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Pilot Plant Cost Estimating: Make Intelligent Use of Contingency

By Richard Palluzi ExxonMobil Research & Engineering Co. |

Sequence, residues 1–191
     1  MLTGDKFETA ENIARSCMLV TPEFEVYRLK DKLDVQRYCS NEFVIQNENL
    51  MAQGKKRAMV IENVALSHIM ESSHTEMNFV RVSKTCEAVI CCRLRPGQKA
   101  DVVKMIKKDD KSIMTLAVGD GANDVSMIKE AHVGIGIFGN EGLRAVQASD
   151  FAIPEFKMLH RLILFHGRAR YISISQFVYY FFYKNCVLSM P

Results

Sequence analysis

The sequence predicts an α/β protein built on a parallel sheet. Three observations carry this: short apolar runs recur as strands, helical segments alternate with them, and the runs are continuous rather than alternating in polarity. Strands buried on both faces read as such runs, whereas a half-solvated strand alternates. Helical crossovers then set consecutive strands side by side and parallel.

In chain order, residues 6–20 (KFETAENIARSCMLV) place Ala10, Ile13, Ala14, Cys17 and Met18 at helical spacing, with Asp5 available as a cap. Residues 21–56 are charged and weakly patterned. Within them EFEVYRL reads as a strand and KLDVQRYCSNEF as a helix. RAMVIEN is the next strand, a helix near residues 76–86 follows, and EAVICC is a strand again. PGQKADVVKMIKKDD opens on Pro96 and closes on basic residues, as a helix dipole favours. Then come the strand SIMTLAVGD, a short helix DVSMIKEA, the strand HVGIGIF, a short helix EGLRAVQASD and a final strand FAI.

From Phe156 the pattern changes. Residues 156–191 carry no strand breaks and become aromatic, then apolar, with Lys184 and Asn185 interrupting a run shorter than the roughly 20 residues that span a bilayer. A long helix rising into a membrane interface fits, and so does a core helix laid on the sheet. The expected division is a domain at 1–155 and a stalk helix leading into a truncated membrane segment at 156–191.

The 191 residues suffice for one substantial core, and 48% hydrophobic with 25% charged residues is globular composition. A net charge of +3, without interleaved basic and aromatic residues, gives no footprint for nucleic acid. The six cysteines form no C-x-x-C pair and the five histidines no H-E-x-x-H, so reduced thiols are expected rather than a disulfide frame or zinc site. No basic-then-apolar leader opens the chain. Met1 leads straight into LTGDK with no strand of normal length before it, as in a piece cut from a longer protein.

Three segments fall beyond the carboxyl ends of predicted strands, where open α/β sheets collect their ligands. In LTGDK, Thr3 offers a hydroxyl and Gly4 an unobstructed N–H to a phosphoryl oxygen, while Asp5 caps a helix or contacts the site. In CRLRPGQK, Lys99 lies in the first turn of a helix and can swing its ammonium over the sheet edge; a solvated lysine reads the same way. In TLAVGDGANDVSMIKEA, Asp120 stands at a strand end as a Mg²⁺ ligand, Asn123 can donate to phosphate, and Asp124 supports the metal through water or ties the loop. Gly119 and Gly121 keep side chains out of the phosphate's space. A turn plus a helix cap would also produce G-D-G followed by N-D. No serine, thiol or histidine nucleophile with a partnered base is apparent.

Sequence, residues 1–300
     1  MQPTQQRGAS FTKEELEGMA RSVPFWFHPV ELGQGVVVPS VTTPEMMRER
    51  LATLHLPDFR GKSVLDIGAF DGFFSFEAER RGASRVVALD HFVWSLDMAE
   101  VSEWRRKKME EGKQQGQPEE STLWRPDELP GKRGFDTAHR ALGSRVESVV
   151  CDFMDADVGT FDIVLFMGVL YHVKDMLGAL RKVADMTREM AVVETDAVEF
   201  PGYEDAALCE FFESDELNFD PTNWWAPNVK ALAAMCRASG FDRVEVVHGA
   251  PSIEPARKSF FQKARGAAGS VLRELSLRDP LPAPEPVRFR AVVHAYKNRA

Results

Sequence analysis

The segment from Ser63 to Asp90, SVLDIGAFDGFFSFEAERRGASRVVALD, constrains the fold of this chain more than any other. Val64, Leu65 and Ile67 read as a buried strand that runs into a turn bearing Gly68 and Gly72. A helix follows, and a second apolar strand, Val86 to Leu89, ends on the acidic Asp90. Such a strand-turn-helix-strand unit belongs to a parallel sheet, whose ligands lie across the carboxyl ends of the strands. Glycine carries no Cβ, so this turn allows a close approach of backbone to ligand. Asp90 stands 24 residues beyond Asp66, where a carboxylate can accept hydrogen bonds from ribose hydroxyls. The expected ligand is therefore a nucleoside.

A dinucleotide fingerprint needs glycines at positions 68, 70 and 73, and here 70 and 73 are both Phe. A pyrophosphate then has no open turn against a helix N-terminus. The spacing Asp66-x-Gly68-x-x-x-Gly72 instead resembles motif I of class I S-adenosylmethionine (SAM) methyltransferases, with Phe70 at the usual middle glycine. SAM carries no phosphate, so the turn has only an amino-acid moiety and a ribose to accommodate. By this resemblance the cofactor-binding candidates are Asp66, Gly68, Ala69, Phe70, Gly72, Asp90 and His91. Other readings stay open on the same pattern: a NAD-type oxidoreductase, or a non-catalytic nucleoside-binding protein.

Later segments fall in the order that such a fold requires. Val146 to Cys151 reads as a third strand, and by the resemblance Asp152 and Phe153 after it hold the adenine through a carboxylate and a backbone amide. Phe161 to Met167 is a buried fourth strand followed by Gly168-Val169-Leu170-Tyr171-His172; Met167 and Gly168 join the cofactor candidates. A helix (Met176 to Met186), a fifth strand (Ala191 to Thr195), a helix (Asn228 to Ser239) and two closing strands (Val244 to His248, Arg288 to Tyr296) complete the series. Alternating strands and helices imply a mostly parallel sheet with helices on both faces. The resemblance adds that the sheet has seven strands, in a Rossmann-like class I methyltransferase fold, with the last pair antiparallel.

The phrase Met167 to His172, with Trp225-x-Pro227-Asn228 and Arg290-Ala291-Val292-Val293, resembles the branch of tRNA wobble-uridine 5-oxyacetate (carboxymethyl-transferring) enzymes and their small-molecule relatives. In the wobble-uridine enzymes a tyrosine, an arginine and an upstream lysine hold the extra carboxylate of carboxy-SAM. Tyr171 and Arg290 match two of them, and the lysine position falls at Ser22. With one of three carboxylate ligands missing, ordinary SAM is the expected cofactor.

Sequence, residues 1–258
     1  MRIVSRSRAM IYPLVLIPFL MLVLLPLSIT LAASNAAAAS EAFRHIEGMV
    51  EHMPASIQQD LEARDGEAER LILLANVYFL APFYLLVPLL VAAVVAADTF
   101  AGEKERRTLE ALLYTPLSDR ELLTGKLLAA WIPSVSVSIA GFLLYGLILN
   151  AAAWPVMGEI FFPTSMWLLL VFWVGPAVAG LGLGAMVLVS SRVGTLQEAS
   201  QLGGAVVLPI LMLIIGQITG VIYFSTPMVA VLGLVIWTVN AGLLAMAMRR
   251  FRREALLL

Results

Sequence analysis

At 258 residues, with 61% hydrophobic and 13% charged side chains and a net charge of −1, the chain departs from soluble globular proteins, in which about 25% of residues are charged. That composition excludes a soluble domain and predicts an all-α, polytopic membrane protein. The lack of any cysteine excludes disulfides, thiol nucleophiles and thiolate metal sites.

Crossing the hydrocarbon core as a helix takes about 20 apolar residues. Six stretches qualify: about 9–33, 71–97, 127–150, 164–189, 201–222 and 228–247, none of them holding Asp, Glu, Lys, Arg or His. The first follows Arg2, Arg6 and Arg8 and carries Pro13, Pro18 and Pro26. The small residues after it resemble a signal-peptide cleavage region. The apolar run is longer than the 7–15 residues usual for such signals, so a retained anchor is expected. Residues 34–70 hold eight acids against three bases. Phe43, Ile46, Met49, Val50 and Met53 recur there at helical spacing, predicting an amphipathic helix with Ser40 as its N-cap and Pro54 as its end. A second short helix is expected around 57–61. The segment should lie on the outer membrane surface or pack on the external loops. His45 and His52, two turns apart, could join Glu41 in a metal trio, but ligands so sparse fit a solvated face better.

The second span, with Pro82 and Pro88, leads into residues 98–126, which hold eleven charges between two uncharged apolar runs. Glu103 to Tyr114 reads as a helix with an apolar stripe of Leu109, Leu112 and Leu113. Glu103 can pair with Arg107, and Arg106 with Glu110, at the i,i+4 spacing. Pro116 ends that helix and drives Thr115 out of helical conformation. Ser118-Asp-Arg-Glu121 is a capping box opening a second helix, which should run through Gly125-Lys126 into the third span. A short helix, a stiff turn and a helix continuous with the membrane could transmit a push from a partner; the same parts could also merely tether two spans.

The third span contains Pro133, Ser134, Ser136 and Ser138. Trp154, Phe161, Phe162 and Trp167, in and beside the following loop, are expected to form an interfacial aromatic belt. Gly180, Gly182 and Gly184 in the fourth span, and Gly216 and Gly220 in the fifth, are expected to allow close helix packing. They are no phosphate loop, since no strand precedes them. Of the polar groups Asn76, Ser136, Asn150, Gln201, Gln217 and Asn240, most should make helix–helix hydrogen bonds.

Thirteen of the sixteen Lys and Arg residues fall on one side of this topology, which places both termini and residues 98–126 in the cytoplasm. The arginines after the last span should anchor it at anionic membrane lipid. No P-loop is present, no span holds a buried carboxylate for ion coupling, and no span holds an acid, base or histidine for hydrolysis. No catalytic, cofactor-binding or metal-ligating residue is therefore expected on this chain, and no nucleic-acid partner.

The first two installments of this three-part series (CE, November 2005, pp. 40–45, and December, pp. 42–47) dealt mainly with the major methods for estimating the capital costs of pilot plants. This final installment begins with a look at the making of provision for contingency, a concept sometimes misunderstood and even more often misapplied in pilot-plant cost estimating.   PROVIDING FOR CONTINGENCY There are many different types of contingency, each with its own purpose (Table 1). Variations in terminology arise among different organizations. In particular, some of the kinds of contingency listed in that table are instead called “allowances” by some firms, to underscore the fact that these can only be best guesses, based on historical information rather than on any engineering assessment.   Lumping has drawbacks Some companies, particularly smaller ones, combine many or all of the types of contingency into broader ones or — more commonly — a single number. This broadening can pose a problem if all the elements that go into each category (or into the single total) are not individually assessed, estimated and appropriately applied, as discussed below. The broadening also…
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